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Former Clearfield standout Christian Lezzer announces retirement from football after 5th concussion

Clearfield's Christian Lezzer runs in a game against Penns Valley in 2012.
Clearfield's Christian Lezzer runs in a game against Penns Valley in 2012. CDT file photo

It was the fifth concussion that did it for Christian Lezzer.

The former Clearfield High School standout-turned-Boston College defensive back was at practice a few weeks ago, working on perimeter drills. He tried to block a halfback heading his way, and their helmets cracked together. He felt dizzy. It didn’t go away.

Then, later in that same practice, Lezzer was in a tackle drill, and wrapped up well, but just happened to move his helmet down at the same time as his opponent, and their heads knocked again.

“I kind of blacked out for a second, I didn’t know where I was at,” he said. “I stood up and it took me a couple minutes to collect myself. Then the (team) doctors were over there with me.”

It took almost four weeks for the symptoms to wane, and that’s when Lezzer said he knew he had to consult with doctors, not just about his current status, but about his future, too.

“I didn’t know what concussion No. 6 would bring with it,” he said.

And on Tuesday afternoon, he released a statement on his Facebook and Instagram pages that announced his decision to leave the game for good.

“After my most recent concussion, I was faced with the most difficult decision of my life,” he wrote. “As of today, I have officially decided to retire from football in best interest for my health. I’m deeply thankful to my friends, family, teammates and coaches for all the support over the years.

“Football has taught me some of the greatest life lessons, but when one door closes, another opens. I will move forward and look back on my career with nothing but pride and appreciation. I have no regrets ... on to the next chapter of my life.”

He made the decision a few weeks ago, he said, and it stems partially from his past with head injuries — one he might not even have fully realized until talking recently with doctors about symptoms and side effects of concussions.

Lezzer thinks he had three of them in high school.

“I still played through (them) back then,” he said. “I wasn’t really sure, I knew something was wrong. I knew, I mean I got lit up quite a few times in high school, and there was a couple of times I remember specificially, I knew something was off. Didn’t really say anything about it, kind of played through it.”

At first, the hits brought nausea and fog. Lezzer remembers throwing up after a couple of games, and he had massive headaches that lasted “awhile.”

“The ones in high school weren’t as terrible, honestly,” he said. “I knew something was wrong but I knew at the same time, obviously I was dying to be on the field.”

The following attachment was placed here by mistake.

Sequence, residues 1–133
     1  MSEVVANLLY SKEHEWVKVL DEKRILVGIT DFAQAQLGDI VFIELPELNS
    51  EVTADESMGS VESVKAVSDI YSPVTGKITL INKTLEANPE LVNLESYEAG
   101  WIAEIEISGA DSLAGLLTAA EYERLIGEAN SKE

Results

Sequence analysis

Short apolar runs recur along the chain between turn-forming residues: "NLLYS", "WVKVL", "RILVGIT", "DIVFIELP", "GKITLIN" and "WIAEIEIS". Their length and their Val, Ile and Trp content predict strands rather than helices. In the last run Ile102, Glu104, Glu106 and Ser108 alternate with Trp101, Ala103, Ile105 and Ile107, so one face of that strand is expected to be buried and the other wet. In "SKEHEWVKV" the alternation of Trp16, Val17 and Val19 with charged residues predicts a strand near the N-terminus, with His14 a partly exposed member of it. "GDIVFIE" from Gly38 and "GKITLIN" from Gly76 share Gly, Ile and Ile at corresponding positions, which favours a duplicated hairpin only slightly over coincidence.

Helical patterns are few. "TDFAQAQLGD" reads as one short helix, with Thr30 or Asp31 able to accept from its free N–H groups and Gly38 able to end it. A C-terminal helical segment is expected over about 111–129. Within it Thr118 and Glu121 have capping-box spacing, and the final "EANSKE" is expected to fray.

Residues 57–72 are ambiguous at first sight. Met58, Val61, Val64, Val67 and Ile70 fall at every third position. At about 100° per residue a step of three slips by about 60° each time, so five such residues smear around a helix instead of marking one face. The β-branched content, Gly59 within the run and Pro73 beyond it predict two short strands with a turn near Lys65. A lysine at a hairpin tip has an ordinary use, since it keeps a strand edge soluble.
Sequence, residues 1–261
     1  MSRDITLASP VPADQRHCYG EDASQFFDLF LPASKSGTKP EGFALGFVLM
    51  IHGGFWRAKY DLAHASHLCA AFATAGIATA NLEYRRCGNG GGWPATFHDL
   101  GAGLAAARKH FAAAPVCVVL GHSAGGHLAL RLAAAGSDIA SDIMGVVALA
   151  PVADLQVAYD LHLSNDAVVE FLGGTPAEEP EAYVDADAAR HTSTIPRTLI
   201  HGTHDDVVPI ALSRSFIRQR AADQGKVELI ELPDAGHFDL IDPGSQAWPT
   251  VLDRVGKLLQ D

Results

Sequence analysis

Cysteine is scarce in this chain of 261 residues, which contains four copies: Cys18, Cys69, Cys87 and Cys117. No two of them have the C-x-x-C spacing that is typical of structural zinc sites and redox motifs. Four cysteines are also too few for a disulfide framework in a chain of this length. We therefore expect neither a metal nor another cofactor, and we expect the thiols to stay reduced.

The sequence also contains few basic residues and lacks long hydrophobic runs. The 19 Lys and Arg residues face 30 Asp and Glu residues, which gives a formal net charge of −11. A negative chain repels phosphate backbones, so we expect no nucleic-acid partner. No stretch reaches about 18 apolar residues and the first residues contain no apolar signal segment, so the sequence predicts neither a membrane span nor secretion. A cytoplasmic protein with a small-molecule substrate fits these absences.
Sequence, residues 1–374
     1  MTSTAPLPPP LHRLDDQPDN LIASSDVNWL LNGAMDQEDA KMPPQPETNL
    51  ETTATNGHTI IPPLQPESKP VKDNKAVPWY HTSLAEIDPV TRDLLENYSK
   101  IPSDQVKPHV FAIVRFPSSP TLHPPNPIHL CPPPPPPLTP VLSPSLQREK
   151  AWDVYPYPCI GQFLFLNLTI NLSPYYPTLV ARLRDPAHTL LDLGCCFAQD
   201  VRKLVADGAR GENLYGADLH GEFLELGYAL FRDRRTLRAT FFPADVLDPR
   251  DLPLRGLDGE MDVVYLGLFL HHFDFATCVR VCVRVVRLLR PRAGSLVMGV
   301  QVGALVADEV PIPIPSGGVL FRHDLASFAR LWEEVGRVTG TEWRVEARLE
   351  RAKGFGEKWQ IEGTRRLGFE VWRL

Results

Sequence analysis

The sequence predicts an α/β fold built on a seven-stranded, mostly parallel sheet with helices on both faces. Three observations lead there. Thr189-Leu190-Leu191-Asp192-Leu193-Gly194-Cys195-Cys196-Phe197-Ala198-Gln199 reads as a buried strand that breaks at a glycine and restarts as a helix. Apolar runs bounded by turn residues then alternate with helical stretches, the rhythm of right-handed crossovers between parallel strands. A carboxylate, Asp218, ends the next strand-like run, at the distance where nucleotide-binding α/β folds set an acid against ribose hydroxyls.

Lezzer said he hid his symptoms from his coach, Tim Janocko, because if he and trainers suspected that Lezzer had a concussion, they would have “absolutely” pulled him. And, he said, to be out there with his teammates on a Friday night meant “everything” to him at the time.

“Playing the game of football, you’re going to have a lot of bumps and bruises,” he said. “A lot of players, they don’t think twice about it when they get hit in the head. I know I didn’t. Not one time did I think, ‘Oh, this is something way out of whack here, I have to go tell the coach.’ ”

And now, years later, looking back, would he have taken himself out of the game if he’d known he had a concussion?

“Absolutely not,” he said. “Should I have? Probably. Would I have? Probably not.”

Over the past couple of weeks, Lezzer has had some tough conversations on his way to figuring out his future.

Those with doctors were realistic and sobering — they were about long-term problems that could arise after suffering numerous head injuries. Lezzer said he broke down a couple of times, while realizing the decision he’d have to make.

“There’s no magic number for concussions,” he said the doctors told him. “Once you have so many, they’re going to come easier, they’re going to come more often.”

With coaches and teammates, the conversations were supportive. Lezzer, a sophomore, will be able to remain on medical waiver scholarship for the remainder of his time at Boston College.

“It was tough, because they know how much the game of football means to me,” he said, of telling his coaches his decision. “But at the same time, they realized this is the best decision for me, for my long-term health. They were thinking of it as parents, too. They were saying that if I was their kid, they don’t think they’d let me play anymore.”

Now, he will move forward. Football, Lezzer said, doesn’t define him — as much as he loves and will miss it.

“It’s not worth the long-term health risks. … I’m not one of those people, that, just because I’m done with football, my life is going down the drain,” he said. “I’ve always liked helping people. I think I’m going to get involved with some Special Olympics stuff up here. The Make-A-Wish Foundation, there’s some great stuff at Boston College here to get involved with, and I’m going to do some volunteer work.

“I’m going to be fine.”

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